David Byrne on PowerPoint: Freedom — who needs it?
PowerPoint: sometimes you have to laugh to keep from crying

Is it finally time to ditch PowerPoint?

Ppt_mac_can_2 Last week an article appearing in The Sydney Morning Herald entitled Researcher points finger at PowerPoint generated quite a stir. The article highlighted findings by researchers from the University of New South Wales, including John Sweller who developed the Cognitive Load Theory back in the '80s. One of the findings mentioned in the article: it is more difficult to process information if it is coming at you both verbally and in written form at the same time. Since people can not read and listen well at the same time, the reporter suggested, then this may mean "the death of the PowerPoint presentation." The assumption being (apparently) that a presentation made with the aid of slideware such as PowerPoint or Keynote necessarily includes lines of text projected on a screen that mirror the spoken word of the presenter.

The article generated so much attention due in part to this quote by Professor Sweller:

"The use of the PowerPoint presentation has been a disaster. It should be ditched."

                                                   — John Sweller

Professor Sweller's comment makes a provocative headline and adds to the long list of professionals and researchers deriding the PowerPoint tool. I have added the professor's quote to my talks on the Presentation Zen approach. Two versions of the slide appear below.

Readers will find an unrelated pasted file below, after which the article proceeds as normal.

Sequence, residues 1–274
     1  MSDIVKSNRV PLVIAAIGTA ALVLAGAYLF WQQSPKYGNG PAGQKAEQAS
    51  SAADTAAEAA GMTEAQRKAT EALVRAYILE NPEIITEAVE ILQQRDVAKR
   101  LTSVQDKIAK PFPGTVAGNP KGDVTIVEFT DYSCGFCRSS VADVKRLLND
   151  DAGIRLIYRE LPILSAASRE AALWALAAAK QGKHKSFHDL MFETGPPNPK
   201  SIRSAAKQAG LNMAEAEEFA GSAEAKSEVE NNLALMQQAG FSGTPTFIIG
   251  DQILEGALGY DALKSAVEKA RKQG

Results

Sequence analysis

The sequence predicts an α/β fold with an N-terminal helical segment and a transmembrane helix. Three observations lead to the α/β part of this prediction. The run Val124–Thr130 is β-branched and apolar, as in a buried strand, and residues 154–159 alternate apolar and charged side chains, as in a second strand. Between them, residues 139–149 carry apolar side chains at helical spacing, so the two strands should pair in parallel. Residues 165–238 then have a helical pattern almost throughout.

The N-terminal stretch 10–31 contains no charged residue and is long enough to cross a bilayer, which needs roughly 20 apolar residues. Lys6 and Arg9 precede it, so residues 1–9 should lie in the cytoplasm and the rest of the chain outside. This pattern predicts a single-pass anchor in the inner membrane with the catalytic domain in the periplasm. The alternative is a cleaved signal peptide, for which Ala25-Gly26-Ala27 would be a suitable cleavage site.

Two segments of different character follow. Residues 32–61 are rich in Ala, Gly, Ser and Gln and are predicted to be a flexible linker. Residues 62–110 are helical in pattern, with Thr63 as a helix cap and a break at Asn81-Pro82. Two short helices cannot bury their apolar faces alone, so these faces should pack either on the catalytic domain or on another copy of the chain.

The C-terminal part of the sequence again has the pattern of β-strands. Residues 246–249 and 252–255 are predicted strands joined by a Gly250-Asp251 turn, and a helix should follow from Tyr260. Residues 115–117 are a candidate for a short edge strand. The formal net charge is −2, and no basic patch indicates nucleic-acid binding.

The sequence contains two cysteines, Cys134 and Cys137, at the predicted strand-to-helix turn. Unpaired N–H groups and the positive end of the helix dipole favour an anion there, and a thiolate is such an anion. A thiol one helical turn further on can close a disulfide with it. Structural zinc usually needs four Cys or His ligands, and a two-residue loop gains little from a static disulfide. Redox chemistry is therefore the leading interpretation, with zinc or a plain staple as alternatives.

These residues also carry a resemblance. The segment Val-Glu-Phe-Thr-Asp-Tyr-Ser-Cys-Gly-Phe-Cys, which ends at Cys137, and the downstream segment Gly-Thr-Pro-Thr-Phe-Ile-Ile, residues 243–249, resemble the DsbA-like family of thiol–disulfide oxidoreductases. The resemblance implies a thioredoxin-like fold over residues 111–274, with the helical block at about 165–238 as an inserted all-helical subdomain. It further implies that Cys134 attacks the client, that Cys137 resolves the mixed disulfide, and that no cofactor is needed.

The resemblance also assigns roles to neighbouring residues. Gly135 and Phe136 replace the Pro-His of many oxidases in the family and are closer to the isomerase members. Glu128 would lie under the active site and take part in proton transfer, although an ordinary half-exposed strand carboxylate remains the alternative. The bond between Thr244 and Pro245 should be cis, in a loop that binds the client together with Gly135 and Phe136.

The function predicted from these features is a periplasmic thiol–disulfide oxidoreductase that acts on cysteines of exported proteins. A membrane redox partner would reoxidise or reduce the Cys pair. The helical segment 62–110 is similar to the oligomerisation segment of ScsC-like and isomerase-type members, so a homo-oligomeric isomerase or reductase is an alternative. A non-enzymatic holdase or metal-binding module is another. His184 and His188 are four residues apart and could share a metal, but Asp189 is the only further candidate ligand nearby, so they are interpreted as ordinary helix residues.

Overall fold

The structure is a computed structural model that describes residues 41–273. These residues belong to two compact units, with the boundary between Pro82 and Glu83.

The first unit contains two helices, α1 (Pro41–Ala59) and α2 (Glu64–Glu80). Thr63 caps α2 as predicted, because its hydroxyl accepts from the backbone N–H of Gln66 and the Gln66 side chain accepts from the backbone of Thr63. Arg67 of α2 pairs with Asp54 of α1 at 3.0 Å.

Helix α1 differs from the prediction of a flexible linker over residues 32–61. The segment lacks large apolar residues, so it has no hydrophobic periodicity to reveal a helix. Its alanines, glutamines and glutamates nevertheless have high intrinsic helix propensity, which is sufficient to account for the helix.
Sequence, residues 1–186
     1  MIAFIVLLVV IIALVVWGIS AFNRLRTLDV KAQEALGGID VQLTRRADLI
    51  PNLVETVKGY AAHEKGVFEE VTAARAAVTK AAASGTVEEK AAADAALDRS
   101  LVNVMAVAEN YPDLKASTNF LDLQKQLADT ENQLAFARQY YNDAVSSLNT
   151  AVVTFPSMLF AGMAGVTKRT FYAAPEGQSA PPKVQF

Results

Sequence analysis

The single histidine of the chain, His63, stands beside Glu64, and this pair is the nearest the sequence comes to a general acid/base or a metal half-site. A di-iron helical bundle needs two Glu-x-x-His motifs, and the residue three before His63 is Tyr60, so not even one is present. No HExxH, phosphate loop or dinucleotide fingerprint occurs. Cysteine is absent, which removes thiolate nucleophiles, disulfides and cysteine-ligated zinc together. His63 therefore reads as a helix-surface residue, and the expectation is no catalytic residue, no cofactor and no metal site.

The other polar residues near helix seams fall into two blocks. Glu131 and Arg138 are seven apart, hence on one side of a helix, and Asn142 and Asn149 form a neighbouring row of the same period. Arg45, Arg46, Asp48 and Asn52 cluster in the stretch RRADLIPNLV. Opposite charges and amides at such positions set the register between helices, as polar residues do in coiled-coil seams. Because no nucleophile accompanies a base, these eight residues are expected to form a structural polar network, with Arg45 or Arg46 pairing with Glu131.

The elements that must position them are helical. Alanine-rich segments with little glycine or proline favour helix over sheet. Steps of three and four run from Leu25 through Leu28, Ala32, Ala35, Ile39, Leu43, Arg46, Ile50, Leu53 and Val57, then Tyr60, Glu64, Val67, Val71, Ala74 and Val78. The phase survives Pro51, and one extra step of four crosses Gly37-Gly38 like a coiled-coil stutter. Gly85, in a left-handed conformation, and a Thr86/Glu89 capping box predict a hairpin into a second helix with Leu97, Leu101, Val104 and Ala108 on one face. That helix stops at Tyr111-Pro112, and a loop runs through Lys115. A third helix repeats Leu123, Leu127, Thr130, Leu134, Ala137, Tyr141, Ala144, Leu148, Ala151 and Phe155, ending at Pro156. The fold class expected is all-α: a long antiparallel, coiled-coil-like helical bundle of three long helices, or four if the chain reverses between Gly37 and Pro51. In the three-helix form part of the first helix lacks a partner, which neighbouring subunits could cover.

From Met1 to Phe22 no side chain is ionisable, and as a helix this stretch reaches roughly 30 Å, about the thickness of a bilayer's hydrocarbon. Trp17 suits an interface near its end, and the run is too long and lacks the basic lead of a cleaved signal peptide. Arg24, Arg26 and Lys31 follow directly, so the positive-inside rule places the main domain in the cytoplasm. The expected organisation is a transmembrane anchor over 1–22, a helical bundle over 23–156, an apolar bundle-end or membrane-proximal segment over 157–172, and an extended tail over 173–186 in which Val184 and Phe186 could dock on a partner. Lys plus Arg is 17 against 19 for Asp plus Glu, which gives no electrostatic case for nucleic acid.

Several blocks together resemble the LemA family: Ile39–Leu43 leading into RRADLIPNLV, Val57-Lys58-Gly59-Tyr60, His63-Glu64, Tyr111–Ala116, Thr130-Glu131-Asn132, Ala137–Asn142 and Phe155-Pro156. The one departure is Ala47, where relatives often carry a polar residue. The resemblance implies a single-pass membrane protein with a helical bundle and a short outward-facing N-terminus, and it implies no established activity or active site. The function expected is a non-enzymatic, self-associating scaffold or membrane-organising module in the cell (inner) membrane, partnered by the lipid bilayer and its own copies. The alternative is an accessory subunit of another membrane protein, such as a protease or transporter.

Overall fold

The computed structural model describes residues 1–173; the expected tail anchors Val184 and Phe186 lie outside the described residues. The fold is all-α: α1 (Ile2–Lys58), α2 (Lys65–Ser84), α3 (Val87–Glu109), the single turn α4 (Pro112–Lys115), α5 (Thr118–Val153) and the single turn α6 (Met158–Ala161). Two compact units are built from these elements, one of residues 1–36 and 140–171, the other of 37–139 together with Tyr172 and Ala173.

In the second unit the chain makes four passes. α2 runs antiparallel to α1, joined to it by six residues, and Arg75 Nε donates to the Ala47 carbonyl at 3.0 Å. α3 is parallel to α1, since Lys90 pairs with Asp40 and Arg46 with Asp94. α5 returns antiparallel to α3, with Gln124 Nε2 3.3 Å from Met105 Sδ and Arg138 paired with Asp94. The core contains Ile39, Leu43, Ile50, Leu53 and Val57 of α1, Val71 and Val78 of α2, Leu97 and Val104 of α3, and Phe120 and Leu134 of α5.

Is PowerPoint a method?
I am assuming that what Professor Sweller means is that the way PowerPoint is used should be ditched, not the tool itself. Suggesting we abandon PowerPoint because it's often (usually?) misused and abused to produce awful presentation visuals is like saying we should dump the idea of 24-hour cable news because so much of it is vacuous rubbish. But whether we’re talking about bad TV or boring presentations, shouldn't we blame the content producers not the content medium? When people rail against PowerPoint they seem to be saying that PowerPoint is a method, and a flawed method at that. But is PowerPoint itself really a "method"? In a 2004 interview with Cliff Atkinson, Multimedia Learning author Richard Mayer said this:

"I do not think it makes sense to refer to PowerPoint as a method. Instead... PowerPoint is a medium that can be used effectively — that is, with effective design methods — or ineffectively, that is with ineffective design methods. We would not necessarily say that books are rarely a good method, because books can be designed using effective or ineffective methods."

                                                          — Richard Mayer

Cognitive load theory